The project aims to create three demonstrators with diverse electronic functionalities, all of which share the common aspect of seamlessly and reversibly integrating electronics into shoes. One concept centers around gait analysis, and the measure of temperature and humidity (“health shoe”), while the two other demonstrators draw inspiration from established applications like "heated shoes" and "flashing shoes” Safety as well as the continuous function of the shoes electronic feature is a central focus across all three integration concepts. Footwear is constantly and repetitively exposed to high loads therefore it is important to consider the safety and durability of the integrated electronics. Also, it needs to be taken into consideration that different features require different amounts of energy. For instance, the heated shoe necessitates a stronger LiPo battery due to its high energy demand. If a LiPo battery is mechanically loaded and contact between lithium and oxygen occurs, this can have serious consequences for the user. To mitigate this, it is advisable to situate the battery externally to the shoe. In contrast, flashing shoe mostly employs button cells to fulfill its energy requirements, given its low power consumption, smaller and more easily integrated into the sole. Despite different requirements and considerations for the different features the goal is a modular approach of the different concepts allowing an easy adaptation to new and extended features.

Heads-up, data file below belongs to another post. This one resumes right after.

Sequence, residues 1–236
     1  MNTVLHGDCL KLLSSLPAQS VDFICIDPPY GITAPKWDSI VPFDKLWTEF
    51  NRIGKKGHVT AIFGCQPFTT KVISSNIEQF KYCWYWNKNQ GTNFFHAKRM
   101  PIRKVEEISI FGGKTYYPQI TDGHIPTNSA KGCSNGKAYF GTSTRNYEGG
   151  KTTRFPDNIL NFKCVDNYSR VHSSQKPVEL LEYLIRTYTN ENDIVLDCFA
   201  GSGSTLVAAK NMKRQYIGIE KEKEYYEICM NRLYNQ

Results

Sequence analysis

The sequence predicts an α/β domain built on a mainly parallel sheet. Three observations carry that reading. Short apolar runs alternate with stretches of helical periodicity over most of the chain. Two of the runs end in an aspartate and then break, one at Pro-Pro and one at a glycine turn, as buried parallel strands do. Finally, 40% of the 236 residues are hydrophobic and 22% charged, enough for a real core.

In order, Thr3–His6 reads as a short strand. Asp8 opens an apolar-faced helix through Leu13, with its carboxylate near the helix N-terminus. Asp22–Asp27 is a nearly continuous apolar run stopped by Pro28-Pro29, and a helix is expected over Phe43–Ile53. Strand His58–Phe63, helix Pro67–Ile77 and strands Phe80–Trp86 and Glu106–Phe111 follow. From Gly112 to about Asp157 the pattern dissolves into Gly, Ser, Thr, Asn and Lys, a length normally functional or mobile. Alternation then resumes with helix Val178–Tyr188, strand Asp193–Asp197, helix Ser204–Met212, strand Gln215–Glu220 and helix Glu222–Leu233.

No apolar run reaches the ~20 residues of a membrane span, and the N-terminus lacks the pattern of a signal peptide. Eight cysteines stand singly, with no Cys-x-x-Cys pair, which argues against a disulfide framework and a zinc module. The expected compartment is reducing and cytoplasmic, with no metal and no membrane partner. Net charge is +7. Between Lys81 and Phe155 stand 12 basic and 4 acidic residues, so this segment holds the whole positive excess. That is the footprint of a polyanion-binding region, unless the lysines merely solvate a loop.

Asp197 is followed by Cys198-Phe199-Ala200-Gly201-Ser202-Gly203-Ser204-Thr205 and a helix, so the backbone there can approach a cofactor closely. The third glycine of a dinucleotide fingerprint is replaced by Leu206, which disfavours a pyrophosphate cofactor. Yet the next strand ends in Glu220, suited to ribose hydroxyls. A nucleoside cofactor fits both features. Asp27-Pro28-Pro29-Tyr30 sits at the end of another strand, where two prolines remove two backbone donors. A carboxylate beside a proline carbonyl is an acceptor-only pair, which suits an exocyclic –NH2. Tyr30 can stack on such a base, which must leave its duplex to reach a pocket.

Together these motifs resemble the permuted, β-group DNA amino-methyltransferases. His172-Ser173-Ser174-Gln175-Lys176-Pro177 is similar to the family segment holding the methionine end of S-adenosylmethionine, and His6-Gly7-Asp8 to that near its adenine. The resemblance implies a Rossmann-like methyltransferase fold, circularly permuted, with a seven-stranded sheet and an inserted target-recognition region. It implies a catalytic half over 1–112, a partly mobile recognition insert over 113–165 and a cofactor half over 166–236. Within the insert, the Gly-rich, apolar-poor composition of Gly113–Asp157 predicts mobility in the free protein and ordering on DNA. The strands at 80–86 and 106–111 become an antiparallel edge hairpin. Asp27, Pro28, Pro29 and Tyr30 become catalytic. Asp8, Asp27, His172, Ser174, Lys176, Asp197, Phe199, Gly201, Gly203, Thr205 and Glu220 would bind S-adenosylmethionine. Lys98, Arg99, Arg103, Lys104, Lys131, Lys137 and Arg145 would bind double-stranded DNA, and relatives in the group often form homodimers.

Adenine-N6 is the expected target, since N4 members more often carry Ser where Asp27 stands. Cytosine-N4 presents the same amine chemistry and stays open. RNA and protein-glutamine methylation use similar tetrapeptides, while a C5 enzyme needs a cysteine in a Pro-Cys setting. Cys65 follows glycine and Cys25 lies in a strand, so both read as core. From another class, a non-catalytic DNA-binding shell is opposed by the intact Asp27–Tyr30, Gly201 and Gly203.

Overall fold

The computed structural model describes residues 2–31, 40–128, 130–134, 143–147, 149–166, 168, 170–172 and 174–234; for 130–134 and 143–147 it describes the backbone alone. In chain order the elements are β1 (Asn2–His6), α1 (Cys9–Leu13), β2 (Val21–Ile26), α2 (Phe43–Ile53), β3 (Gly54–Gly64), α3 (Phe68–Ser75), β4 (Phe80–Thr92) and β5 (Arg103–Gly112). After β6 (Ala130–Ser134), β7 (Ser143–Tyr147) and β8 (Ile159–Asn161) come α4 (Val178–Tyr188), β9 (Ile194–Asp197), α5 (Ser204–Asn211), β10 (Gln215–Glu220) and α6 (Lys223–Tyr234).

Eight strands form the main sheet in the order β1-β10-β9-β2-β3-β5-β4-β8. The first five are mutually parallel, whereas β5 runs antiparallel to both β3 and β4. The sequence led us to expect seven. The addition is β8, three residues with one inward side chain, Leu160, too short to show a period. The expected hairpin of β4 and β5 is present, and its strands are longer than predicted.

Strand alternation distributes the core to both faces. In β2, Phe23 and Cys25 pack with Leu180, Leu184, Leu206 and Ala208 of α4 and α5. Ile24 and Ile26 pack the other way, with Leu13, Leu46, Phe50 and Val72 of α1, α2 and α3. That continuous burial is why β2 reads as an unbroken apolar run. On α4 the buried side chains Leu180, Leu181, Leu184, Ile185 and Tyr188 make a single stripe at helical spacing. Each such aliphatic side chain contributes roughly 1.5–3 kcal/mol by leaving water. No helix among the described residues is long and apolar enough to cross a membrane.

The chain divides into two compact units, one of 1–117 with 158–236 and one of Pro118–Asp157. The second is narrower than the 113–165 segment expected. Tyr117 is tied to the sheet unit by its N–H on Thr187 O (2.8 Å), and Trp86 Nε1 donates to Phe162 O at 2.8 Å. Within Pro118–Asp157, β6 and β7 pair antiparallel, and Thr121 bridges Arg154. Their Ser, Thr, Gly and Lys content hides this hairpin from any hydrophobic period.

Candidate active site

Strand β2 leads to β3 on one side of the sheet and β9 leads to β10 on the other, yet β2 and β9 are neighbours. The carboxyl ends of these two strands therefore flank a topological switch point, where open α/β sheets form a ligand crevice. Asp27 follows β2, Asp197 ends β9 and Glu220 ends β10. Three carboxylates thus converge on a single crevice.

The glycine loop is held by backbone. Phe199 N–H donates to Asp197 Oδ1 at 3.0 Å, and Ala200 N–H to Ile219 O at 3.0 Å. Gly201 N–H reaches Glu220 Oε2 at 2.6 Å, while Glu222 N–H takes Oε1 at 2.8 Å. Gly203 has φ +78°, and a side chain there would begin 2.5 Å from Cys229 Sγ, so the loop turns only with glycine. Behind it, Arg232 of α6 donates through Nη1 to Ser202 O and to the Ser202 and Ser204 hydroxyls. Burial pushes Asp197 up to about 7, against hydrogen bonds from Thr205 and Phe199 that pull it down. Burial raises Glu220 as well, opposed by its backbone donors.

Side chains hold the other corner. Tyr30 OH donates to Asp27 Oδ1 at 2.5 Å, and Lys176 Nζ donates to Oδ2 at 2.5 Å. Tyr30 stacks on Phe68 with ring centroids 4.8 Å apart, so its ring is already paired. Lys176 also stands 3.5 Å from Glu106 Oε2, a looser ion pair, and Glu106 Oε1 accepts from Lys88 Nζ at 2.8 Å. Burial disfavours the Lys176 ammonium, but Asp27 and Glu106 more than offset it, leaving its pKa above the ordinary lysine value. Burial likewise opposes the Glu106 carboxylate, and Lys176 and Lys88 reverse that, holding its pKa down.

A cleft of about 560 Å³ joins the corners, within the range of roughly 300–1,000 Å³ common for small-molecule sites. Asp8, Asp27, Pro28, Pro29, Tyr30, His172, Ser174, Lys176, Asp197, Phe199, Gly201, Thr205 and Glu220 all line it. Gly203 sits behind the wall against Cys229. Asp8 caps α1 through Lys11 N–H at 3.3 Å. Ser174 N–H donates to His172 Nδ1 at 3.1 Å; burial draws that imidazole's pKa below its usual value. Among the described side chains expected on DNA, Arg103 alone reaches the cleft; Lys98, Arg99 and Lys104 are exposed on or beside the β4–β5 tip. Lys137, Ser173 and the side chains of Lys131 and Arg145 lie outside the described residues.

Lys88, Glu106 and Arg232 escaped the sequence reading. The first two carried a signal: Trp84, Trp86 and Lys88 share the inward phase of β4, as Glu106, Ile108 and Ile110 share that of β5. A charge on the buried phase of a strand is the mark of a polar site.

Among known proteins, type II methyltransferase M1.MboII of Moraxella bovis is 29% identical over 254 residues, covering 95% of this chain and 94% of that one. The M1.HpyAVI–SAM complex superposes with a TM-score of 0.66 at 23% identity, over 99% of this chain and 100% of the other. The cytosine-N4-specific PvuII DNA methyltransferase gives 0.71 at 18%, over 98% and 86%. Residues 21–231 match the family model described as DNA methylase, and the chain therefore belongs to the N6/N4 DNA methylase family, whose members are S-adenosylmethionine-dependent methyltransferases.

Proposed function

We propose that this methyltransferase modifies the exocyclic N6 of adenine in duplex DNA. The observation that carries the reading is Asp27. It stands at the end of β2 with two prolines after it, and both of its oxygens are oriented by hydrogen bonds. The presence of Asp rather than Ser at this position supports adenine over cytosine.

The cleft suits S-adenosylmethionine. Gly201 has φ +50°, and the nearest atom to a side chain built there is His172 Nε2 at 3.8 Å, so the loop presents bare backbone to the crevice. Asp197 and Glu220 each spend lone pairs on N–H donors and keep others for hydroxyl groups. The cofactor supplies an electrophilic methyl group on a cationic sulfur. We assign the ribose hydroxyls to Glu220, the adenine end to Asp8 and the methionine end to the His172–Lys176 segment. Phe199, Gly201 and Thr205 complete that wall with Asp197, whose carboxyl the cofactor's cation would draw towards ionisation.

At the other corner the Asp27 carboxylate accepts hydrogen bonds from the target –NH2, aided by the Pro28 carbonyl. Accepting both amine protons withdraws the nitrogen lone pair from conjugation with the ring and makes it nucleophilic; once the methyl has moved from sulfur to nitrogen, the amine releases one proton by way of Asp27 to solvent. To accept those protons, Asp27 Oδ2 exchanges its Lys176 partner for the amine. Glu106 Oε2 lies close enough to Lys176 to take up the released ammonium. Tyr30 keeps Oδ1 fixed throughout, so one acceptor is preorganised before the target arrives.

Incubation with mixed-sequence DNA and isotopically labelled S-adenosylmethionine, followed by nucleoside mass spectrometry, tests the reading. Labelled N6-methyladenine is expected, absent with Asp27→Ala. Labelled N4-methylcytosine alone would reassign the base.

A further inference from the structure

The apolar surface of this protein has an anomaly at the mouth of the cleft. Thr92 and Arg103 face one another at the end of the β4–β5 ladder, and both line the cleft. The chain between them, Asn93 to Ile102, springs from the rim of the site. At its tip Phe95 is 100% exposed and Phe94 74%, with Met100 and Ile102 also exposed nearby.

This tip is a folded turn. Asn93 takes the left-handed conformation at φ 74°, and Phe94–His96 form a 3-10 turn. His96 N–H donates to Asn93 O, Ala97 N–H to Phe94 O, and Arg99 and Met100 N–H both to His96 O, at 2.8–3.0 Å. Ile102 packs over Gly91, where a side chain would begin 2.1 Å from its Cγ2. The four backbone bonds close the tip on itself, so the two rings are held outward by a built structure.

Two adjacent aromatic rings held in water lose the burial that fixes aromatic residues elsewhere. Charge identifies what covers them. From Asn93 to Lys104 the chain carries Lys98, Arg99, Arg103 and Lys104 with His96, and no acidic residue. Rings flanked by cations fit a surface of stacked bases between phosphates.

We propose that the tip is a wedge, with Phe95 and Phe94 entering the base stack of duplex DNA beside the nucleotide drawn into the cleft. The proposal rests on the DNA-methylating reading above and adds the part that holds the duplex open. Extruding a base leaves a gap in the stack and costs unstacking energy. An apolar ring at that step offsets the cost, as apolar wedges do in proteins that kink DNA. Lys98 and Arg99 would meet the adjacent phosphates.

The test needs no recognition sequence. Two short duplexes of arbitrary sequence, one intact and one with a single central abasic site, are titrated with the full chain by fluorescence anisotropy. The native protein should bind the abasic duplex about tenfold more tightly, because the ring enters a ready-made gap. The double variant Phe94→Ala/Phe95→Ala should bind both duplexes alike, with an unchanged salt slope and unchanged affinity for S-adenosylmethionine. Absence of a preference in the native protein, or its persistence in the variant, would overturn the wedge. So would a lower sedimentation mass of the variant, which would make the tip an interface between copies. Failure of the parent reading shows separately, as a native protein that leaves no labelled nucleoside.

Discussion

Therefore all 3 concepts are based on one common circuit board design containing a suitable microcontroller, inertial measurement unit (IMU), Gyroscope, current sensor, voltage converter (3.5V to 16V @ 250mA), LEDs and a radio module for information transfer.

The approach taken for the “health shoe” was relatively traditional, incorporating newly developed temperature and humidity modules into an insole. Gait data were provided by the IMU/Gyroscope on the circuit board. The circuit board with an incorporated charging unit and accompanied by a rechargeable pouch lithium battery (3.7 V, 140mAh), is enclosed within a casing and shielded by a carbon fiber plate. This casing is attached to the insole and designed to fit into a designated cavity located in the heel area. At the end of the lifespan of the shoe and/or the functional insole, the insole along with the embedded sensors and electronics, including the casing, can easily be removed, and discarded as electronic waste. Equipped with a dummy for the cavity and a normal insole, the shoe can also be worn without its functional health application.